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Walking in London all day. Trawling around the South Kensington museums and browsing Covent Garden, visiting the National and the Tate. We paid our respects to the beauty held within the galleries but it was hard work in a steamy July.

We’d had lunch at a little Greek eatery near St Martin’s and a drink in an old London pub on the way to Waterloo.

We were footsore by the time we made the train back to my sister-in-law’s in Hampton. I was grateful to find a seat that wasn’t near anyone I might have felt beholden to concede to. My wife sat opposite.

Newlyweds, we sat and talked over the day, compared favourite paintings and discussed that evening’s dinner. The carriage was hot, despite the windows being open to let in a limpid breeze, and when we got to Clapham Junction it quickly filled up.

Sweaty commuters, students and day trippers but till no pensioners, pregnant women or nursing mothers to rob me of my guilty seat. As the conversation lulled we watched the evening sunlit world idle past.

As I looked down to the end of the carriage I noticed a girl standing in the aisle. She had incredible auburn hair, long and lustrous that reached the small of her back and covered her shoulders. She wore a summer dress and light sandals. It ocurred to me that all that heavy hair must have been making her hot.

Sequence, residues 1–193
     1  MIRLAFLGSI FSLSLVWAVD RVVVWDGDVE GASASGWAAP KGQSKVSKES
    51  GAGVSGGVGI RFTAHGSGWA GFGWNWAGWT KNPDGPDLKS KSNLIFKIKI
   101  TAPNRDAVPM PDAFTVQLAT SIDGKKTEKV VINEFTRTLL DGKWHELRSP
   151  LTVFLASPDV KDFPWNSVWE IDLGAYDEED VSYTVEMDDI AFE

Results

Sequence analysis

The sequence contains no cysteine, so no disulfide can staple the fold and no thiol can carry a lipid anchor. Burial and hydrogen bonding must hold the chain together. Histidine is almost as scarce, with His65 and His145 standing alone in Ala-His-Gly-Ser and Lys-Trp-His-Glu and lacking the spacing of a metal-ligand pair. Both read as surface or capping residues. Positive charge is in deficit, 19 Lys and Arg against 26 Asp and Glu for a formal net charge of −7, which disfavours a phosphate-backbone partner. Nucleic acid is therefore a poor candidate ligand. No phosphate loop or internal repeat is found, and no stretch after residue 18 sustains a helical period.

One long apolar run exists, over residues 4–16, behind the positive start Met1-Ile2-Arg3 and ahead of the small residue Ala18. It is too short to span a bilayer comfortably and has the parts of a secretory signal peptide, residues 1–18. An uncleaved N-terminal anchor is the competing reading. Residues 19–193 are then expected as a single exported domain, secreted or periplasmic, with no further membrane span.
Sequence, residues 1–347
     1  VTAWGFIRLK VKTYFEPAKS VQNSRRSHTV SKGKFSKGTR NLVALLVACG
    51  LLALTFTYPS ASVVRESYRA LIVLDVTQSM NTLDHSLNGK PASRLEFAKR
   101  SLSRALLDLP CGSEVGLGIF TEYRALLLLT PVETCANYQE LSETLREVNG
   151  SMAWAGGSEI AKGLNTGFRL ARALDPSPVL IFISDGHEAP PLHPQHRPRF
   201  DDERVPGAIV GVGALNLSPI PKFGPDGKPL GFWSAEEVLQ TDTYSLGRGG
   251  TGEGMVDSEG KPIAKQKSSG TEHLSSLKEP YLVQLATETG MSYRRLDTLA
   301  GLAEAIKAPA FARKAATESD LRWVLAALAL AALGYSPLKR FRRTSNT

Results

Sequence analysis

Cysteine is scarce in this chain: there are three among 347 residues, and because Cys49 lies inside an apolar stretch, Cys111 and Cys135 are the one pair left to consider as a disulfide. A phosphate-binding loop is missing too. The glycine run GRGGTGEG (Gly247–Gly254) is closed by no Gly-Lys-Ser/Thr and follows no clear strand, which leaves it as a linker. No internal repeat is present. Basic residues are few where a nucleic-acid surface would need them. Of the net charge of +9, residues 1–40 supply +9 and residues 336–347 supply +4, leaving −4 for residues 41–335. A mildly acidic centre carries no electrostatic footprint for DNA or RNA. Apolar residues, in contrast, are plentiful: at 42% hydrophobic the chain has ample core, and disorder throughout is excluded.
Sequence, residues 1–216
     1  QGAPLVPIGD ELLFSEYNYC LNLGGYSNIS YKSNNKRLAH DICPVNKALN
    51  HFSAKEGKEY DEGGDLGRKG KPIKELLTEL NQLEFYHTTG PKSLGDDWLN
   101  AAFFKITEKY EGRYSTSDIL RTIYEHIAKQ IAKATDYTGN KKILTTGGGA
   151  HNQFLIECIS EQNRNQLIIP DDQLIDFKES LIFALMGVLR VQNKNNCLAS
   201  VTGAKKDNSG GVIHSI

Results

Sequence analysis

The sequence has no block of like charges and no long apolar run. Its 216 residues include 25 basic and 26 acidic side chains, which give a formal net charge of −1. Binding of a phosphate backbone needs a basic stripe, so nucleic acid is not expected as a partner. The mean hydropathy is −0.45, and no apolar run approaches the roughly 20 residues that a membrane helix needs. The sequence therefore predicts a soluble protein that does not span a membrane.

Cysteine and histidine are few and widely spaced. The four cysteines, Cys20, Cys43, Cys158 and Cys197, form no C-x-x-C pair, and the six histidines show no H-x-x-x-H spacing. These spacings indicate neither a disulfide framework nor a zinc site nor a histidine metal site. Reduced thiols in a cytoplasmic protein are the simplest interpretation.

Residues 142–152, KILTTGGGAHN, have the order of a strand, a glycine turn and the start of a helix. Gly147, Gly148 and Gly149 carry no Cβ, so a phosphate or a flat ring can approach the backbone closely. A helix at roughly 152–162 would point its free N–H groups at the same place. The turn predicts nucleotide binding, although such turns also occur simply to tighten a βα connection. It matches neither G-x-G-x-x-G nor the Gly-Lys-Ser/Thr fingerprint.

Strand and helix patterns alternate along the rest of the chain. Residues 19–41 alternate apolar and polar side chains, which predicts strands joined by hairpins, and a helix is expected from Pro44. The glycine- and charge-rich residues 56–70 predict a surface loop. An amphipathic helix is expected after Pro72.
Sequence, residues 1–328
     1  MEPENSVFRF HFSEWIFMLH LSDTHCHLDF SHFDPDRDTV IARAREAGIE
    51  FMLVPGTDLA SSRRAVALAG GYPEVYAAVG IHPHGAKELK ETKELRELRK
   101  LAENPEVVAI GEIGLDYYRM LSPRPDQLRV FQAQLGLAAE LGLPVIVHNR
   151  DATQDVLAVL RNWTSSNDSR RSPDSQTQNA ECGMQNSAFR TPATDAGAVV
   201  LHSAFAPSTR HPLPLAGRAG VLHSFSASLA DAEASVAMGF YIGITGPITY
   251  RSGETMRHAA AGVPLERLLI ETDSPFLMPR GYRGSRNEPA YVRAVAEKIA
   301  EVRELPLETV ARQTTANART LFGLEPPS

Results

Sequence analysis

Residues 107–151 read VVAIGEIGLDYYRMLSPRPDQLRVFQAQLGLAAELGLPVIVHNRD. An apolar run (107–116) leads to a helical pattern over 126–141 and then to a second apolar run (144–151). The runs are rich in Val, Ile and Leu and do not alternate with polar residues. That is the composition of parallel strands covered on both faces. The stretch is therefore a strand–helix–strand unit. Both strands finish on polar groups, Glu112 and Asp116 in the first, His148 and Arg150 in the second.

As if reading my mind, she pulled a cheap biro with the logo of some visitor attraction along the barrel from a bag that crossed her chest. I was captivated by her easy movements as, with one hand, she lifted her hair, twirled it with an extended forefinger then swished it around once, twice, three times to form a bun. With the other hand she skewered the arrangement in place with the gift shop pen.

The effortless grace she showed has stayed with me. The moment was enshrined as a standard for elegance that I have yet to see surpassed.

Hardly a month has gone by since, that I haven’t remembered the fluid choreography of the gestures that the girl herself had paid no mind to.

My wife noticed me looking over her shoulder and followed my eyes. Like that, do you? she said, in the confident tone of a woman who knows she has completely captured her man. I laughed, caught again.

The moment passed. I shifted my gaze. But never forgot.

All this, and Welsh too.

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